What is it?
A prototype plug-in hybrid Range Rover Sport – which on the official cycle emits just 89g/km Co2. Although work in progress for Land Rover - this car is one of only five engineering examples in existence, with a production version yet to be confirmed – what makes this drive relevant is that the technology underpinning this prototype is closely related to a conventional hybrid version of the all-new Range Rover, due in 2013.
In essence, an electric motor replaces the torque converter in a ZF-supplied eight-speed automatic gearbox. One clutch then combines the drive from this with that of a conventional motor – in this case a 3.0-litre TDV6 – before a second clutch engages this with the transmission.
This arrangement allows the hybrid transmission to be paired with a variety of petrol and diesel motors and the resulting drive is transferred to the road – or other surface – through Land Rover’s standard all-wheel drive hardware.
Compared with the conventional hybrid, the plug-in variety tested here uses a larger motor and battery. In this case, it’s a 69kW electric motor capable of supplying 148lb ft of torque – to supplement the diesel’s 443lb ft – and a 14.2kWh lithium ion battery. Also, as the name suggests, the Range_e’s battery can be topped up from the mains supply.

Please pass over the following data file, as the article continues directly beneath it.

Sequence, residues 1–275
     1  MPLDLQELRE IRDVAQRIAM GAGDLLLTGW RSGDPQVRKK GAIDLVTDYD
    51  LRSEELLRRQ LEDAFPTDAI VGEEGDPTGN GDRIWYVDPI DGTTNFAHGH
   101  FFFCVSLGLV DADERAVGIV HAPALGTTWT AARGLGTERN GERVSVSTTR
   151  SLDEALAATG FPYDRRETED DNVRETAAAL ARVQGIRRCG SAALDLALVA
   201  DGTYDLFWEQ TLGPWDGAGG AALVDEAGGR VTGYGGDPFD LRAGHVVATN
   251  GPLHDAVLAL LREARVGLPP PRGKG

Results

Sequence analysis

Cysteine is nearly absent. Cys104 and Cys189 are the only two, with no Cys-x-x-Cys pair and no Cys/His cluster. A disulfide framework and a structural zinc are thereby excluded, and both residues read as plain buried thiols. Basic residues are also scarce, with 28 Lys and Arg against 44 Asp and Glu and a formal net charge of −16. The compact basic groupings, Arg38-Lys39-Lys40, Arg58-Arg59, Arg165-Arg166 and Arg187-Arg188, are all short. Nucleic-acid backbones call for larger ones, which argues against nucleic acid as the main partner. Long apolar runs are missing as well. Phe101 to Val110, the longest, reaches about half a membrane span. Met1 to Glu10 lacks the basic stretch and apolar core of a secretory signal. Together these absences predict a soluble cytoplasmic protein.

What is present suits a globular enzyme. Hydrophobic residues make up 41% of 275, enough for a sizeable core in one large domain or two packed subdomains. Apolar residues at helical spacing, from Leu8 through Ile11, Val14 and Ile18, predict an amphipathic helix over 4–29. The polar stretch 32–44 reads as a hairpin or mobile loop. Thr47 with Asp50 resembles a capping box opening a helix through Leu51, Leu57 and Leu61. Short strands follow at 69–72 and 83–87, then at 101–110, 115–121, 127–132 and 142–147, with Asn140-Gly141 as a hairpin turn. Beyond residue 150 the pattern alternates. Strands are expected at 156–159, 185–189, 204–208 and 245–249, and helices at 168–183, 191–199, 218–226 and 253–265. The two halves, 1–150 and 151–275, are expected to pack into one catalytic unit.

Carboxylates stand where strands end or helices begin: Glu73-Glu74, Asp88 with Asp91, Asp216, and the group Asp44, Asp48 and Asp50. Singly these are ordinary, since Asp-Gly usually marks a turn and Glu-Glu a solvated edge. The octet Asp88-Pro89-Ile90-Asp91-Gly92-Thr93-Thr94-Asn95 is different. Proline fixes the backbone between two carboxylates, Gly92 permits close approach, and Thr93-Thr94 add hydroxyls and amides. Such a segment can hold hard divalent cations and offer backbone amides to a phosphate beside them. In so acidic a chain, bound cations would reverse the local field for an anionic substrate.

Using a regular 240V, 13-amp domestic supply, a full charge takes a little over four hours. Land Rover claims this gives the Range_e the capability of travelling over 20 miles on electric power alone.
What’s it like?
In practice, though, such figures are of limited relevance, because although the Range_e is capable enough on electric power at low to medium speeds – and in theory it can hit 70mph without troubling its diesel motor (which it does for the official test figures) – you end up using a mix of power sources.
As an example, when I collect the fully charged Range_e it hums into life almost inaudibly and pulls away electrically and with a smoothness entirely befitting a Range Rover. Through town if remains electrically powered, without any real concession to usable performance. If you want to play traffic light grand prix, the electric motor will call for back-up, but drive normally and the car stays electric for longer than any conventional hybrid I’ve tried. Only when accelerating on to a faster road through an uphill slip road did the diesel motor fire.
Range_e project leader Garry Putt explains that it takes well under a second to start the engine, synchronise speeds and smoothly deliver torque to the wheels, which feels about right. Is the integration noticeable? On this prototype there is a rattle from the starter motor, which Putt says is a known problem and easy enough to overcome for production. But the actual mating of the two power sources happens impressively smoothly.
To an extent, the relative performance of the two motors has been meshed together, too. Dan Beeston, hybrid systems engineer, describes how the system works. “When you call for more performance,” he says, “we ramp up the electric supply to provide instant acceleration while the diesel engine starts. Then the two are coupled together for maximum power.”